(Oorspronkelijk verschenen op theunbecomingofagirl)

For years on end I have watched series like Gilmore Girls and Dawson’s Creek and looked up to the teenage girls who ‘had it all’. Because let’s face it – Rory Gilmore and Joey Potter were clever, beautiful and likeable. They had perfect grades, hot boyfriends and big plans for the future. But what they didn’t have was relatability. They never went through that awkward phase of wearing braces, or fucking up that first kiss. They weren’t confused or embarrassing. Sure, Joey Potter was scared of having sex. And sure, Rory Gilmore had doubts about becoming a journalist. But they overcame these struggles with ease.

I first started watching Gilmore Girls when I was thirteen. I had no friends and this show offered me a different reality I could escape to. Eventually I became so emotionally invested that I would dream of Stars Hollow at night. I would daydream about Jess at the breakfast table.

In Holding Out for a Hero, Roxane Gay writes, “We crave the ability to look up, to look beyond ourselves and toward something greater.” That’s why I fell in love with Rory Gilmore. She lived up to all the expectations the world could have of a young woman. She didn’t resemble me, but she resembled the person I wanted to be. I was already a bit of a nerd, but I started studying even harder, dieting, reading more books and doing everything in my reach to become like that faultless girl.

Only now do I realize that I based my whole personality on this kind of shows. This is why I wanted to be nice, smart and thin. This is why I felt pressured to live up to some kind of ideal that is impossible to achieve. And who defined that ideal anyway? Who said that to be happy, girls needed to be good students and nice people? Do we want boys to be nice? According to most, if a boy is called nice, he probably won’t get the girl. But if a girl is nice, she’s a keeper.

To be fair, I never second-guessed this paradigm until I started traveling. But when I was in Berlin, I met this girl who defied all of my standards. She wasn’t well-mannered and she never dressed up. She wasn’t skinny. Her laugh was hoarse and gave away her smoking habits. She got drunk quite often and was a bit of a mess. Long story short, she wasn’t ‘girly’. She was a girl

I loved her and we became great friends right away, although we were very different. Upon getting to know her better, I realized that her not being the societal standard of beauty didn’t stand in the way of getting the boys she wanted. Her manners didn’t stand in the way of making a great deal of friends. She wasn’t the girl I originally aspired to be. But she was exciting and full of life. 

It’s only when I met her, that I discovered the pleasures of living. We partied, climbed fences together, talked about music, books and sex. Now I’m not saying that to truly experience life you should go through this rebellious phase. Because that’s not necessary. I’m just saying that you should do whatever makes you happy. Because although you think everybody cares about whether you’re flawed or not, nobody gives a fuck. And even if they did, why should you?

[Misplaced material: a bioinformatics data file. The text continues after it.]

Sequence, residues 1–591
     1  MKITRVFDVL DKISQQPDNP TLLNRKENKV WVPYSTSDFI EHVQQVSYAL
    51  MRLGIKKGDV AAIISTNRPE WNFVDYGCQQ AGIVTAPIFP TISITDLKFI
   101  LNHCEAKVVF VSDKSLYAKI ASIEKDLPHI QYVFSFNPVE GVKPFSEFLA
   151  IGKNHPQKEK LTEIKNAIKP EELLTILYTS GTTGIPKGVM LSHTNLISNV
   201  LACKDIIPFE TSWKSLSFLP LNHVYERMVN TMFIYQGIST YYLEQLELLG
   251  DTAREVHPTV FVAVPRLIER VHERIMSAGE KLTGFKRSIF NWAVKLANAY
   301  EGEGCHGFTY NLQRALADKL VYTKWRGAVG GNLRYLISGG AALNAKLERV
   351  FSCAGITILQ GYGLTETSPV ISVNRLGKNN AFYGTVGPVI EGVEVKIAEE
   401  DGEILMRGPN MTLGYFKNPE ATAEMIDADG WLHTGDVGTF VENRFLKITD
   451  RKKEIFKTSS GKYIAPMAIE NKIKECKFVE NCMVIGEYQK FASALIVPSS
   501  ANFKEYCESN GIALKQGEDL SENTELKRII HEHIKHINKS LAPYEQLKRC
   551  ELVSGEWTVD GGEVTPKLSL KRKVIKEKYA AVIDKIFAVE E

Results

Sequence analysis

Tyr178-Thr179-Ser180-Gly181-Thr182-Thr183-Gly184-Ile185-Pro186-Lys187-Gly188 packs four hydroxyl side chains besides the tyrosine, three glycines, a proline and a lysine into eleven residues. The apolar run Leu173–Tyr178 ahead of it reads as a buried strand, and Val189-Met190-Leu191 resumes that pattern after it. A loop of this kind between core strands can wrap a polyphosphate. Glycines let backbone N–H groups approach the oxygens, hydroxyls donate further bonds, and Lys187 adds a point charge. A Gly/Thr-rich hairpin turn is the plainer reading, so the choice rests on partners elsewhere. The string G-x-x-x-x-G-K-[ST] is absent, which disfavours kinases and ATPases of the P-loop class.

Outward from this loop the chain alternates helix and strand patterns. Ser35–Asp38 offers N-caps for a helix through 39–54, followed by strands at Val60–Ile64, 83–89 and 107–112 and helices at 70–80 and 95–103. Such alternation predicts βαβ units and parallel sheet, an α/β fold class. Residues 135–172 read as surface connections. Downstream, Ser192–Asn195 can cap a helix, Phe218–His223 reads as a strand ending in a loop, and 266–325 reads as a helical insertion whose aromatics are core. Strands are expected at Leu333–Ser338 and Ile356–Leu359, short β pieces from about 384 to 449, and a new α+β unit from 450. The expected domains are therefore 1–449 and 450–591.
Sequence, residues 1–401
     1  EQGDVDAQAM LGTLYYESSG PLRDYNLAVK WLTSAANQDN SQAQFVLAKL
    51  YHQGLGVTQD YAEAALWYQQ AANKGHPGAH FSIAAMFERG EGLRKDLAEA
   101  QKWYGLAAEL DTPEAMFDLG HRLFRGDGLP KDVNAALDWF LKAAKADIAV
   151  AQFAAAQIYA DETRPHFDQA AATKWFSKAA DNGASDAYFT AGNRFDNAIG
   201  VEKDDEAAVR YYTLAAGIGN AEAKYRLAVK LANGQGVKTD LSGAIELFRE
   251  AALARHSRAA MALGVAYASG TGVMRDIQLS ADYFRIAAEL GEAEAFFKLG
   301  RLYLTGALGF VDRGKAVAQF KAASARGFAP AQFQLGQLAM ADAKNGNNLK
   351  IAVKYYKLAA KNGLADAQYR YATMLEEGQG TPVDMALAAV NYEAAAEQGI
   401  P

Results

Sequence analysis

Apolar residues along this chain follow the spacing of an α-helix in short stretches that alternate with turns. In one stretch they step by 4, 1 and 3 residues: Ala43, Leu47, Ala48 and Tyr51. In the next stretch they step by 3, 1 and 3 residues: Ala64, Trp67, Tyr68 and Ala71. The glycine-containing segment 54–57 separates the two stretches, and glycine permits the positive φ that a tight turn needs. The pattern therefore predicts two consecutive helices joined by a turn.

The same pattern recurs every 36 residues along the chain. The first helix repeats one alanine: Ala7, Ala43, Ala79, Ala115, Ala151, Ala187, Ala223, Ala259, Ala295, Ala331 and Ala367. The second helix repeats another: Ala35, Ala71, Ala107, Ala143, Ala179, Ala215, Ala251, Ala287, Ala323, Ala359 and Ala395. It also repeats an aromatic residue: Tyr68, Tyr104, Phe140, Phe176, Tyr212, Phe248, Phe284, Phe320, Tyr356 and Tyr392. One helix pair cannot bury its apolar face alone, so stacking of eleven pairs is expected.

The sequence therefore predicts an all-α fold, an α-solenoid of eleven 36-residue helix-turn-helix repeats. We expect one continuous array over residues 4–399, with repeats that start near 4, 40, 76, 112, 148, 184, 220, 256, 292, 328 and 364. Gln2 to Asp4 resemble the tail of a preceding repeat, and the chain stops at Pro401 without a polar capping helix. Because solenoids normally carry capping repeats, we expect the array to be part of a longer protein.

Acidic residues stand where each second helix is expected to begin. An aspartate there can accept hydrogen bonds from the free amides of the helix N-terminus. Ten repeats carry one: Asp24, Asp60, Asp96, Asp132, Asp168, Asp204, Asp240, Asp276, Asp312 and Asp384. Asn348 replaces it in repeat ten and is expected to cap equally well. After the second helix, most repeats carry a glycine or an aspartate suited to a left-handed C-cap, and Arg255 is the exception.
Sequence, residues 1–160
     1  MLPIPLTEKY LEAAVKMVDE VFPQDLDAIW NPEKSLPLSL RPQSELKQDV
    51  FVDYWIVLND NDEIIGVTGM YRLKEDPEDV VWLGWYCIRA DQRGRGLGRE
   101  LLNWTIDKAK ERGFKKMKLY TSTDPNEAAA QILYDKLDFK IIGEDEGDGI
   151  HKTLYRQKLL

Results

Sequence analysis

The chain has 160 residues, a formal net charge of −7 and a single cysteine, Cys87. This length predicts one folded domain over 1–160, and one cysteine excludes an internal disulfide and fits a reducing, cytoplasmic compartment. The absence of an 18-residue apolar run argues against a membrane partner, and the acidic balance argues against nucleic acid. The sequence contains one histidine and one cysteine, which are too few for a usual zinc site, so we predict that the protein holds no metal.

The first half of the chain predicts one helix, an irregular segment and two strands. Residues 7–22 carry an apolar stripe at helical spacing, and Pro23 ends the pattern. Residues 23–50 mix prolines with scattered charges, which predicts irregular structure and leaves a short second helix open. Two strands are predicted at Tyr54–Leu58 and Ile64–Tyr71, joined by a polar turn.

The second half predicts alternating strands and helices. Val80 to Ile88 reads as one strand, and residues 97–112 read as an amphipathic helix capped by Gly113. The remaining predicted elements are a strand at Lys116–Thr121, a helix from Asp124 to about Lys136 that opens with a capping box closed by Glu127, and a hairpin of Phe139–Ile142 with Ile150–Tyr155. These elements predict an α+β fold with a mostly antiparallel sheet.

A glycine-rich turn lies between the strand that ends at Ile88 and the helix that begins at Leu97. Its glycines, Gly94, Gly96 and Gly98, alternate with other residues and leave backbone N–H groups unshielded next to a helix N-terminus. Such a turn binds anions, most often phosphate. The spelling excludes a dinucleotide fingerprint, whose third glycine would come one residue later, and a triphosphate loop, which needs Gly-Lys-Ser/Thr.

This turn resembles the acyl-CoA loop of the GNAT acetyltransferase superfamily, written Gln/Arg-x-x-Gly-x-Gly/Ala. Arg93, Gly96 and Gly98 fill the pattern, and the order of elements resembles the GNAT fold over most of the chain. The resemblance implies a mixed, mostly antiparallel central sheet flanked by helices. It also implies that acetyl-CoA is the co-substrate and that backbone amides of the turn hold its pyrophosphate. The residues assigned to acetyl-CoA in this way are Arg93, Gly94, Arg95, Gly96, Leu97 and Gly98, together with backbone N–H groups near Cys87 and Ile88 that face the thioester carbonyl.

Only now do I realize that the characters I wanted to be like, were unimaginative and boring. They all had the same dreams and aspirations. And because they did, I thought that I did too. But up until meeting my friend, I wasn’t happy. I was assuring myself that I was because I was so close to that stage of ‘having it all’ – I was skinny, had good grades and a social circle. All that I was lacking was a perfect boyfriend, but that’s something that even Rory Gilmore hadn’t truly figured out. What was there to be unhappy about?

But I wasn’t really following my dreams. I was fulfilling other people’s. Surely there are girls who actually want to have a perfect academic career and be amiable and have long legs. There’s nothing 

wrong with that, if that’s what makes you happy. It just didn’t make me happy. I realized that when I discovered what my happiness looked like. It looked like late nights and new people and lots of falafel. It looked like freedom.

Every girl has her own vision of freedom. Every girl has her own version of perfection. Every girl should have her own role model. So why don’t the TV-shows offer us that diversity? Why are all the characters we can look up to, so similar? Where are the rebellious girls? Where are the vulnerable, fearless or fearsome ones? Where are the selfish ones? Honesty and rawness are lacking on TV. 

There is some kind of improvement going on for women. There’s Bridget Jones, who is a major fuckup. There’s the new series GirlsSo there are interesting characters being introduced to the audience, although these examples are very much discomposed of racial diversity. But they are not girls. They are grown women.

So what I’m asking for is – give girls something else to dream about. Give them the freedom to choose what they want. Give them a voice. Because girls don’t want to become another man’s perfect. They want to become their own perfect.

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